Sunday, July 7, 2019

SWL and TSW: Fantastic horror RPGs that happen to be online

After a nearly a year in DDO I found myself wanting to get away from fantasy MMOs altogether for a while, and so I decided to take Secret World Legends for a spin.  I really enjoyed The Secret World back in 2012, and I've been meaning to try out the relaunch.  Secret World Legends did not make a good initial impression, at first I nearly hated it.  The controls seemed off (e.g., the camera is locked to your mouse), I didn't like the changes to combat (it seemed like an utterly mindless button masher compared to the original), and I didn't like how the intro experience is remixed.  In fact I disliked SWL so much that I went back and played TSW (the original version) for a few evenings to see if my tastes had perhaps radically changed in the 6+ years since I last played it.

TSW and it's relaunch, SWL, are both  packed with sights, sounds and experiences like nothing else I've ever played.  For the past few months I have been thoroughly  immersed in a fascinating experiment in interactive storytelling,

To test this, I rolled a new Illuminati character and played through the Kingsmouth Town area.  The first few hours of TSW remain absolutely brilliant to my tastes.  If you have an account, you can login and play TSW 100% for free.  However, seemingly almost no-one else still plays it.  In a week of evenings I only saw one other player, and chat was just as dead.  TSW also remains a singularly challenging MMO.  At least when I play, I tend to hit brick walls of difficulty every so often that force me to spend some time tweaking my deck and trying out new skill rotations to make progress.  Even with a decent skill load out, the gear upgrade system is still quite clunky.  It takes up an absurd amount of inventory space and is incredibly grindy.*  The alternative is to ignore the upgrade system altogether and hope for good random drops, which can work out just fine or horribly depending on how lucky you are.  Around  the launch of TSW I had a very good time but stalled out in Egypt, when I hit my second or third difficulty spike and had to rethink my deck yet again.  On my return I was having fun relearning the game, but could also see that I wasn't going to make it any further on this run then I did at launch.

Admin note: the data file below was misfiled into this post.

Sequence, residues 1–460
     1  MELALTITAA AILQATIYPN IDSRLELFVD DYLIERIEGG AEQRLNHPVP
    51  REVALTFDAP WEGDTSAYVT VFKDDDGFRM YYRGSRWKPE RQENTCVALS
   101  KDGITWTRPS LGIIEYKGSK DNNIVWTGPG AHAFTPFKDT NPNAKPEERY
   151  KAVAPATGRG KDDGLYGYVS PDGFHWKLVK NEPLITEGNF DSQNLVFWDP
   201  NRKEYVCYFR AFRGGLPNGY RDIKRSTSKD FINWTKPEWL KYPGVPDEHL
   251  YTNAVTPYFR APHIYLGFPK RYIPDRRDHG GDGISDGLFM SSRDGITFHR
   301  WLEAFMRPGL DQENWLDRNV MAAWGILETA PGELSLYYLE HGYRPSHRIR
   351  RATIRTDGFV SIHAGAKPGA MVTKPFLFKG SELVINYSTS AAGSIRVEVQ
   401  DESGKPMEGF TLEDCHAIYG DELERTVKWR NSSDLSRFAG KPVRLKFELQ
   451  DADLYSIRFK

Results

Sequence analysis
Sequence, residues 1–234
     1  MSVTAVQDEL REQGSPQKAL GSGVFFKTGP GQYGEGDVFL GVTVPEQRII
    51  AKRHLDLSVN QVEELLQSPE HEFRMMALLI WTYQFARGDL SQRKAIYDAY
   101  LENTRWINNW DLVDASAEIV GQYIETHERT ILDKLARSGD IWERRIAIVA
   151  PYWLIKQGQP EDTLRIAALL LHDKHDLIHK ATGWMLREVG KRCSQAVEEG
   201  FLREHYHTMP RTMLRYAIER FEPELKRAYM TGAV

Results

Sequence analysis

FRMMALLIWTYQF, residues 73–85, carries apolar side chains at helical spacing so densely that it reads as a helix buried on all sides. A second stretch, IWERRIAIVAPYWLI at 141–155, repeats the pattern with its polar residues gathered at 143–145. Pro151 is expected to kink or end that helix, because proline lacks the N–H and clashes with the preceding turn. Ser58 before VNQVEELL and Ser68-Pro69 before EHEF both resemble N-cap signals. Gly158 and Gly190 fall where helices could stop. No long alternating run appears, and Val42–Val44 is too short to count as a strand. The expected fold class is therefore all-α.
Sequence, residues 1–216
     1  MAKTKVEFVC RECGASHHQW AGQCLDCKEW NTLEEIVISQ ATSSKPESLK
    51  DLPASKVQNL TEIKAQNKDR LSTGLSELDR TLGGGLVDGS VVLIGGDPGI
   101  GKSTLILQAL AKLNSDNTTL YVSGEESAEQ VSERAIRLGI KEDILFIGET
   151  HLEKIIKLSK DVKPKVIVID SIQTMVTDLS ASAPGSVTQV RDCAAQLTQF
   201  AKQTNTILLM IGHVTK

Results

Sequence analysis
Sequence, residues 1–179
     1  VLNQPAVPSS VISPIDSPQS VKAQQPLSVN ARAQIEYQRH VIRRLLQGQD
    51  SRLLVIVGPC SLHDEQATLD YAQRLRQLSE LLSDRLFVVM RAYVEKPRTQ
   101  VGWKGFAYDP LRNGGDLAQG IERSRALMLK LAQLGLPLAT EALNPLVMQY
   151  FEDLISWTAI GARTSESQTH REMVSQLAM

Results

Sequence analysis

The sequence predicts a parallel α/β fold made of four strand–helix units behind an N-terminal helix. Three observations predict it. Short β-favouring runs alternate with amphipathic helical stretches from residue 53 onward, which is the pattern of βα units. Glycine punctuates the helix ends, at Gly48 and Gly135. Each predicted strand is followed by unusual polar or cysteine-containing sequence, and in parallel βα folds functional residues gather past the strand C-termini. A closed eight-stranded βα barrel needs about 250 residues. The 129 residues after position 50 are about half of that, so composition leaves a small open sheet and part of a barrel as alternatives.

*Combine stacks of ingredients, to make more ingredients.  When you have enough of those, you can combine them to make....more ingredients! 

The last two weeks have also been the anniversary event in SWL.  Because of it I have been doing a fair amount of completely random group activities.  When you head to town for a bank run and see forty players banging away on a giant pinata with baseball bats, what are you going to do but join in?
In a last desperate attempt to actually see more of the setting this time around, I picked up SWL again.   Say what you will of it, at least the difficulty and gear management of SWL have been considerably "smoothed out" compared to TSW.  My second try I was determined to at least make it to Blue Mountain, the third main zone.  SWL took longer to click with me than the original, but once I stopped fighting the new mechanics I started having a blast.  I hit the ground running in Egypt and have never looked back.  I've now made it roughly half way through Tokyo, which the last major area in the game (excepting whatever small amount of new content South Africa contains).